World Bulletin / News Desk
Wall Street indexes have broken record after record in the month since businessman Donald Trump won the presidential election Nov. 8.
The so-called “Trump effect" has investors hyped about the president-elect's promises and his "pro-growth" strategies that many hope will "make America [and its economy] great again".
Investors were wary on election night when it became apparent Trump would become the country’s next president. Dow futures plunged 750 points, or 3.3 percent, as results came in.
The following day on Nov. 9 the stock market began with losses but managed to reverse the trend as investors soon came to terms with the result and focused on Trump's economic promises.
Steve Goldman heads the Goldman Management trading firm and pointed to a number of policies Trump wants to implement to boost economic growth.
"The market was accelerated by those pro-growth strategies -- lower corporate taxes, more spending on infrastructure," Goldman said.
Trump campaigned on a promise to lower corporate taxes from 35 percent to 15 percent in an effort to create jobs and increase income and consumer spending to boost the economy.
He also promised $1 trillion to be spent on infrastructure that would raise government spending and add jobs to the economy.
With infrastructure spending expected to increase, the demand rose for stocks of major American investment banks – boosting their shares which triggered the early gains on Wall Street immediately after the election.
Shares of Wells Fargo jumped nearly 8 percent Nov. 10, Bank of America was up 4 percent, Goldman Sachs 4 percent and Citigroup and JP Morgan Chase saw increases of 4 percent and 3 percent, respectively.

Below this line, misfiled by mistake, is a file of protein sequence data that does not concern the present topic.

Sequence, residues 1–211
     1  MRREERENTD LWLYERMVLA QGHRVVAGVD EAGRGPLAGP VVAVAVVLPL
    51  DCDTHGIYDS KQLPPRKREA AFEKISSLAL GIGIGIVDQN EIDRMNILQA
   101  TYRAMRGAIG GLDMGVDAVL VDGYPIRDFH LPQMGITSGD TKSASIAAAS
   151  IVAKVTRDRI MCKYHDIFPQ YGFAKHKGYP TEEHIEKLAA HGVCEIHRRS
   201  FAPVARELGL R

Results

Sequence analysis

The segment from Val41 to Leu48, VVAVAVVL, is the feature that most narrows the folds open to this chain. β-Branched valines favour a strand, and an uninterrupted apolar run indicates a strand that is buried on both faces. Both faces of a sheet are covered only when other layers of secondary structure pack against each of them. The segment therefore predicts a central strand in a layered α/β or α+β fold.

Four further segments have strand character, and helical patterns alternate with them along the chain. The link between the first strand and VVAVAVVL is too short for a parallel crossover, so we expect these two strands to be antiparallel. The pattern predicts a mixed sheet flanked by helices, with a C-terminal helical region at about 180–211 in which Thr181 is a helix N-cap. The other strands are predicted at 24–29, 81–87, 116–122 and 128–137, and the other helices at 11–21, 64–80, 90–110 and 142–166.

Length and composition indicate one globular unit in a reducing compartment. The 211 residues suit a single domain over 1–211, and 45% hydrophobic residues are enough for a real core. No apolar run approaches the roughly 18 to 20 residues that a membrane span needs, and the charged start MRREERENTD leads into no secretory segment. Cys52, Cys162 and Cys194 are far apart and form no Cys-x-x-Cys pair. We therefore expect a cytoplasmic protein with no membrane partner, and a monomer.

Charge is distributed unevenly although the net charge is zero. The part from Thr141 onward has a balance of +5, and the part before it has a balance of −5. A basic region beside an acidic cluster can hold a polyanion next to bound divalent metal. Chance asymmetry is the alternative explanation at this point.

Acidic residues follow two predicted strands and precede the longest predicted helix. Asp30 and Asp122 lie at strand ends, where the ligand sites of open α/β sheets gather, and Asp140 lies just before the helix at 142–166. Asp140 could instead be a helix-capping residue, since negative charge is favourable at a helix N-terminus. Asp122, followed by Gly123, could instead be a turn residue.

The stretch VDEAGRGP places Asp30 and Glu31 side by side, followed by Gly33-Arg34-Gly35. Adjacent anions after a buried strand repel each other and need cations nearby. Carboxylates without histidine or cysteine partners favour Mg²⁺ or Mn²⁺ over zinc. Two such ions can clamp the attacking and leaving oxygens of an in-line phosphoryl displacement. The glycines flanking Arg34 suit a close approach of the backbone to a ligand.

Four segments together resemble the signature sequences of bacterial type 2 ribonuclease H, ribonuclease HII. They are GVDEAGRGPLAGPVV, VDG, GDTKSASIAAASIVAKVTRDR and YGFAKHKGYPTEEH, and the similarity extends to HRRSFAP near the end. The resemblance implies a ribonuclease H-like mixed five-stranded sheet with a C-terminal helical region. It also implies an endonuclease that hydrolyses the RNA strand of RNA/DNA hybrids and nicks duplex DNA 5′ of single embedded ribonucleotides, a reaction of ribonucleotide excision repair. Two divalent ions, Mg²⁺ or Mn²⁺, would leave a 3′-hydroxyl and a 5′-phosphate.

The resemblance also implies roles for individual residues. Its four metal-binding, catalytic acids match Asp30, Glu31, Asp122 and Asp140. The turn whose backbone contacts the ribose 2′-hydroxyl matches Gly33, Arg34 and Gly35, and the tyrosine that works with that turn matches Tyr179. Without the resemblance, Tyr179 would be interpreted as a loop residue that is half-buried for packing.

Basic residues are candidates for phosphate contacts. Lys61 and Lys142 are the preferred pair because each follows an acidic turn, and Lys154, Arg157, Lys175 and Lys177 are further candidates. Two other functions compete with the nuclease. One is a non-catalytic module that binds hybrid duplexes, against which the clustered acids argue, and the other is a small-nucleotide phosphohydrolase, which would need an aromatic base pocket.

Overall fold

The rally was on.
During the course of the next month, the Dow Jones industrial average gained 7 percent, from 18,321 points on Nov. 9 to 19,614 points Thursday, according to data compiled by Anadolu Agency.
The S&P 500 index increased from 2,136 points to 2,246 during the same period, marking a 5 percent rise.
And the Nasdaq posted a nearly 5 percent jump, from 5,175 to 5,417 points.
Between Nov. 9 and Dec. 8, the Dow broke its all-time highest closing record a whopping 12 times.
On Nov. 21, all three indexes closed at record levels for the first time since December 1999. The following day they again closed at record levels for a second consecutive day -- a first since March 1998.
From Nov. 21 - 23, the Dow and the S&P also broke their individual closing high marks for three consecutive days.
Since Trump's election, the S&P has recorded new high on six days, while the Nasdaq posted records on four days.
Goldman believes the rally will continue through the first quarter of 2017.
"It's been eight years or longer that we had a pro-growth platform such as lower taxes for the consumer and corporations," he said.
"And, there will be a unified government, with the Congress, the Senate, and the White House. All unified. That will make it easier to get pro-growth strategies approved," he added.
Republicans will hold a majority in the Senate and the House of Representatives in the 115th Congress, allowing for Trump's economic policies to be adopted a lot easier than with a divided balance of power.Last Mod: 09 Aralık 2016, 10:33